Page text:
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Deborah Turbeville was born in Boston, Massachusetts and grew up between Boston and the atmospheric Maine sea coast town Ogunquit. 

As a young student, Turbeville performed as a dancer and as an actor in various local theaters.  She was particularly drawn to choreography, costumes, and sets, and often improvised her own pieces.  She was also drawn to literature and began to read the works of writers like Dostoyevsky at an early age.  This love of theater and literature is closely linked to her later development as a photographer.

After completing school, she moved to New York intending to pursue a career in theater.  However, within a very short time she was discovered by famed fashion designer Claire McCardell and was asked to join her design studio.  Turbeville spent three years working alongside McCardell filling the lead role of sample model and assistant and had the privilege of being witness to the designer's extraordinary innovations in color, texture, and design.  Through McCardell, Turbeville met Diana Vreeland, the famed editor of Harper's Bazaar and later VOGUE, and the eventual director of the Costume Institute at the Metropolitan Museum of Art.  Vreeland suggested that Turbeville see her at her offices at Harper's Bazaar, and Turbeville soon became an editor at the magazine.  While there, she worked with renowned photographers like Richard Avedon, Bob Richardson, and Diane Arbus, and soon became recognized for her very personal style as an editor.  At the same time, Turbeville purchased a Pentax camera with a Zeiss lens and began to take her own pictures on trips home to Maine. 

Turbeville's first photographic assignment as a professional came when she convinced the former Yugoslavian government to sponsor a trip through the country for a photo shoot for a magazine in which she acted as both art director and photographer.  She later showed her work to Avedon, who was delighted with Turbeville's out-of-focus images and proclaimed her his protégé, announcing to a skeptical audience that she was “what was happening in the world of photography".  Over the years, her photographs were published in the American, Italian, and Russian editions of VOGUE, Harper’s, VOGUE Casa, W, VOGUE Bambino, VOGUE Sposa, Zoom, Conde Nast Traveler, The New York Times, The London Sunday Times, and Art in America.   Turbeville also photographed special portfolios and advertising campaigns for the designers Emanuel Ungaro, Romeo Gigli, and Valentino (as recently as 2011).

In 1975, Turbeville produced an image that would become one of the most notorious fashion photographs of the last 50 years. Part of a swimsuit shoot for VOGUE, it showed five listless women leaning against the walls of a shower room in a condemned New York bathhouse. The photograph was included in an exhibition at Hofstra University later that year, and a reviewer in The New York Times proclaimed it to be “one of the most beautifully composed pictures in the show,” and noted that it “leaves one wondering if we have not moved beyond the boundaries of fashion photography.” “People started talking about Auschwitz and lesbians and drugs,” Turbeville recalled in an interview quoted in the 1991 book Appearances: Fashion Photography Since 1945, by Martin Harrison. “And all I was doing was trying to design five figures in space.”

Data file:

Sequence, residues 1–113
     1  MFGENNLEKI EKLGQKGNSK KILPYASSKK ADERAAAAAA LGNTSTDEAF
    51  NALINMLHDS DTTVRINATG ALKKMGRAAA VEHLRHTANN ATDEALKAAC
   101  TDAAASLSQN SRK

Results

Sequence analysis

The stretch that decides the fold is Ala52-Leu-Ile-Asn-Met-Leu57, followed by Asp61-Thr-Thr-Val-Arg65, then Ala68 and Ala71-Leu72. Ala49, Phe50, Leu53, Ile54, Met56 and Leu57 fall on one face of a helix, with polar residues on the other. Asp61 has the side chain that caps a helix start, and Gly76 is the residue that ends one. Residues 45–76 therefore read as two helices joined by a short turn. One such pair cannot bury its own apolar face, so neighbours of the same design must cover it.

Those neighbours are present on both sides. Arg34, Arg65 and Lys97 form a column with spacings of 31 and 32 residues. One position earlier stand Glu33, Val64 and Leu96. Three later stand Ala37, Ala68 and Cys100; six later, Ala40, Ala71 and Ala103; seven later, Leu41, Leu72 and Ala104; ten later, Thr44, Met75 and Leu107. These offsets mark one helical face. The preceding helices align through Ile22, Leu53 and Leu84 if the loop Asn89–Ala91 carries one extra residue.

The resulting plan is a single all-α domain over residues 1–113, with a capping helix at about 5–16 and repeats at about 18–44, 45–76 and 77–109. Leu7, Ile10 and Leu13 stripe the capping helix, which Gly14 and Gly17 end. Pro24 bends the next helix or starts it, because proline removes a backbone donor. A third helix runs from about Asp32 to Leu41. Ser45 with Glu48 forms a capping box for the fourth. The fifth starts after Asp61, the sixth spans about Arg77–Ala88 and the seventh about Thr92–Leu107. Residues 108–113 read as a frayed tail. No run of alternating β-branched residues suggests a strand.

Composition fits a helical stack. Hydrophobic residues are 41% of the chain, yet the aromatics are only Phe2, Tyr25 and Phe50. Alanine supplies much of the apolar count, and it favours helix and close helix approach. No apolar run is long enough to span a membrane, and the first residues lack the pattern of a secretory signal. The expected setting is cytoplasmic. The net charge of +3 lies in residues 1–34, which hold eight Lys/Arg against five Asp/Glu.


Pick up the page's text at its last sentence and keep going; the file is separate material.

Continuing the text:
Turbeville published several renowned books of her photographs.  Among them are Studio St. Petersburg (documenting her work in Russia), The Voyage of the Virgin Maria Candelaria (documenting her travels in Guatemala and Mexico), Newport Remembered (featuring her photographs of Rhode Island 19th century seaside mansions), and Unseen Versailles.  Unseen Versailles was commissioned by Jacqueline Kennedy, then an editor at Doubleday, and Turbeville was given unprecedented access to the palace grounds.  Her other books include Wallflower, Les Amoureuses Du Temps Passé, Nostalgia, Casa No Name, Past Imperfect, and The Fashion Pictures.  Her most recent book, Comme des Garçons 1981, which includes photographs specially commissioned by the design house, was published posthumously in 2017.

For the past three decades, Turbeville opened solo exhibitions around the world at galleries and museums such as the Centre Georges Pompidou in Paris, the Museo Tamayo Arte Contemporaneo in Mexico City, and the Hermitage Museum in St. Petersburg. Her work is included in the permanent collections of these institutions, as well as in the collections of The Metropolitan Museum of Art, the Whitney Museum of American Art, and the Museum of Modern Art in New York, the Victoria & Albert Museum in London, and the Museum of Fine Art in Boston, among others.

Turbeville divided her time between residences in New York, San Miguel de Allende in Mexico, and St. Petersburg in Russia.  She received a Fulbright grant for her work in Russia, as well as a citation from the Russian Cultural Administration for exposing Russian culture and arts to the world.

Deborah Turbeville died in New York in 2013.

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